[Eugene Volokh] Beyond the First Amendment: Anti-Libel Injunctions and Prosecutorial Discretion

[I'm continuing to serialize my forthcoming Penn Law Review article on Anti-Libel Injunctions.] I've argued that criminal contempt prosecutions for violating anti-libel injunctions are similar to criminal libel prosecutions. But they are missing one important feature of most prosecutions—the normal prosecutor. In criminal libel prosecutions, a prosecutor exercises discretion about whether to prosecute. In criminal contempt proceedings, a judge would normally refer the case to the prosecutor's office, but if that office declines to act, the judge may appoint a special prosecutor. And in some states, the litigants could initiate the criminal contempt prosecution them­selves, or move for contempt and ask for the court to appoint their lawyers as the prosecutors. [In the federal system, the judge may not appoint the plaintiff's lawyer as prosecutor, Young v. United States ex rel. Vuitton et Fils SA, 481 U.S. 787 (1987), which may make it hard to find a…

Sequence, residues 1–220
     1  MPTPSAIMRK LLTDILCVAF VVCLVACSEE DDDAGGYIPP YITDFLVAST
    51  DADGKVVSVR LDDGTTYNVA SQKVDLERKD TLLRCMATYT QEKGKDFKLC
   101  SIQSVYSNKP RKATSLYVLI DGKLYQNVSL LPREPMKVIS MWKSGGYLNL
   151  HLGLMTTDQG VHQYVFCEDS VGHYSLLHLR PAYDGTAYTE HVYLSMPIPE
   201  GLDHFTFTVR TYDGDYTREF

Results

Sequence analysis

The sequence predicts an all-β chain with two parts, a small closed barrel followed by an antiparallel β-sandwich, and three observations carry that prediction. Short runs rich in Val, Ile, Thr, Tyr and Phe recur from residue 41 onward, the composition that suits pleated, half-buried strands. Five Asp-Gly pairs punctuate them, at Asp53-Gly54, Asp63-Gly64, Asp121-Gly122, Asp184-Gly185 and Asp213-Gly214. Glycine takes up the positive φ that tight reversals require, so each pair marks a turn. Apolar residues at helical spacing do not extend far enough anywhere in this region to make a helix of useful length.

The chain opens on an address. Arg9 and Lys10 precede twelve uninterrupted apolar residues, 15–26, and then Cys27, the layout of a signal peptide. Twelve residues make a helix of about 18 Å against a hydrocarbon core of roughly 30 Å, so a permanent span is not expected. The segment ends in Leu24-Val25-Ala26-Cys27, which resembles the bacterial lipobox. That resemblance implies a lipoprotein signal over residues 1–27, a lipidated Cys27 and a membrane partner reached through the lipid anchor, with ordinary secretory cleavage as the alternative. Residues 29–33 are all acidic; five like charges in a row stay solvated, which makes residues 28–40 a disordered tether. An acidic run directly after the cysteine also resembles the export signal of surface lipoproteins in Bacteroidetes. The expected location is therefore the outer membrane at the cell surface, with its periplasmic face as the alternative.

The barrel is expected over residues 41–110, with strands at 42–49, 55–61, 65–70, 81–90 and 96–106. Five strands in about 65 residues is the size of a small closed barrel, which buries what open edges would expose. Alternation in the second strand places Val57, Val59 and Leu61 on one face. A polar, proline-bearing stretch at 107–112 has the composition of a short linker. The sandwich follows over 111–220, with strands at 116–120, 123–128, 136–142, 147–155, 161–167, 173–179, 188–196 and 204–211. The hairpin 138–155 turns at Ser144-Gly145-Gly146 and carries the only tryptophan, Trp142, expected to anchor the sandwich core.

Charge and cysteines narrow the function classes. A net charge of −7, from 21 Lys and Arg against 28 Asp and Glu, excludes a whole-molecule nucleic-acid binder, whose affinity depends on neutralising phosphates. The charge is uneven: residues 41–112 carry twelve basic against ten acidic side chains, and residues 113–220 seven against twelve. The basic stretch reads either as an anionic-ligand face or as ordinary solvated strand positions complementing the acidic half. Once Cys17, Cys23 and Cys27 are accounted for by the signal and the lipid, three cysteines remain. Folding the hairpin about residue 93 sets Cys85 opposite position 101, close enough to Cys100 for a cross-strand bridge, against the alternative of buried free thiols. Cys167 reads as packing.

Read more detail on Recent Constitutional Law posts –

Related news:

This entry was posted in Constitutional Law and tagged , , , , , , , , . Bookmark the permalink.

Leave a Reply